Or perhaps Scrooge will offer some of that great new non-Obamacare low-cost insurance that could cover as much as $2,000 a year, which would insure him for a whole day if he ends up in the hospital.
To make up for the hundreds of thousands of dollars that Crachit could end up owing for Tiny Tim’s care — given since Republicans will almost certainly aim to repeal Obamacare’s ban on insurance companies placing yearly or lifetime limits on care — Bob has got to work, all the time. So he does.
But Mr. Scrooge carefully makes sure his star employee earns just over the threshold where no compensation for overtime work is required. President Obama’s Labor Department wanted to raise that threshold from $455 a week to $913, meaning employers like Scrooge would either have to offer a raise or pay overtime. But Paul Ryan’s GOP will make sure that people earning more than $455 but less than $913 can be made to work all the overtime Scrooge wants for no extra compensation — even on Christmas. Just like the wise men!
And the best news of all is Bob Crachit and his son can look forward to working overtime every week of their lives until they’re in their 70s, when they can finally cut back to just working a 40-hour week so they can afford some Fancy Feast to go with the doctors’ bill.
Paul Ryan’s desires to privatize Social Security and Medicare — and pass the losses and costs on to you! — are about as well hidden as his passion for Ayn Rand. It’s what defines his career in public service — but it’s also what makes him repulsive to most Americans. So he tries to hide his passions or cloak them under code words.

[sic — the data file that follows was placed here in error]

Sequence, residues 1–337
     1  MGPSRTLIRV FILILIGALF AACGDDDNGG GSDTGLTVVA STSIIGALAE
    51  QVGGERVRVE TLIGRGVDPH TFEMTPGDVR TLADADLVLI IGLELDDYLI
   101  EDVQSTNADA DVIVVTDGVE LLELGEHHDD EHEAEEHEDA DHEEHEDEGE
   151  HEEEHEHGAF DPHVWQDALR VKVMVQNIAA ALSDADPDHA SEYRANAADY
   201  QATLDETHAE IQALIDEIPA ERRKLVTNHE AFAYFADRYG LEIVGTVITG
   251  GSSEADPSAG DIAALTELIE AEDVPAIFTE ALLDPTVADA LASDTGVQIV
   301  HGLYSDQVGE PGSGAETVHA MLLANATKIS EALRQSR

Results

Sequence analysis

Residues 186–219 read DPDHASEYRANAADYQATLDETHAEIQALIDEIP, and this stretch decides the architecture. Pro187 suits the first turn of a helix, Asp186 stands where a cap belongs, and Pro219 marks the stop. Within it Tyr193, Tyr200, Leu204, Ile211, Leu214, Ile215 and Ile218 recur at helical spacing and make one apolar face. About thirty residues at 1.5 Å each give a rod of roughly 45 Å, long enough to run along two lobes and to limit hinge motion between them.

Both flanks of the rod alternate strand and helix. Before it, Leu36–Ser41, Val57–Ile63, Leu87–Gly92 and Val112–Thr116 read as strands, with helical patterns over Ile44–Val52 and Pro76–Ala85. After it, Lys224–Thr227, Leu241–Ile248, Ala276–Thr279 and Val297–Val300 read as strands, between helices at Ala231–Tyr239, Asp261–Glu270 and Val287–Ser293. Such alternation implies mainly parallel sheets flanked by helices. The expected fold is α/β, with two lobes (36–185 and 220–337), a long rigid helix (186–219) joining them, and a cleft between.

Ryan’s plan to privatize most of Medicare and demand future retirees pay more is a part of his “Better Way” plan, which should be named “Better Way for Scrooge” plan. Donald Trump campaigned on preserving both of America’s retirement guarantees, but he has been quickly moving toward Paul and the two now seem to be fully aligned with the president-elect’s choice of Rep. Mick Mulvaney to be his budget director. The GOP congressman from South Carolina is one of the few politicians in America who eagerly declares his desire to cut Social Security.
How else can we afford to make Scrooge’s life easier?
Ryan and Dickens may have had different ideas of happy endings. The author of Great Expectations saw a Scrooge overwhelmed by the plenty with which he had been blessed and the need to which he had become blind. Ryan sees a Scrooge who is overburdened by tax and spend politics and exploited by greedy employees who want Christmas off every single year.
No wonder he prefers the works of Ayn Rand.
Both stories end with Scrooge being able to proudly say, “Merry Christmas!” But in Ryan’s tale, Scrooge is rushing home to inhale a whole turkey by himself. Just like a “small businessman” should.
IMAGE: Speaker Paul Ryan (R-WI) holds a copy of his party’s “A Better Way” reform agenda at a news conference on Capitol Hill in Washington, DC, September 29, 2016. REUTERS/Gary Cameron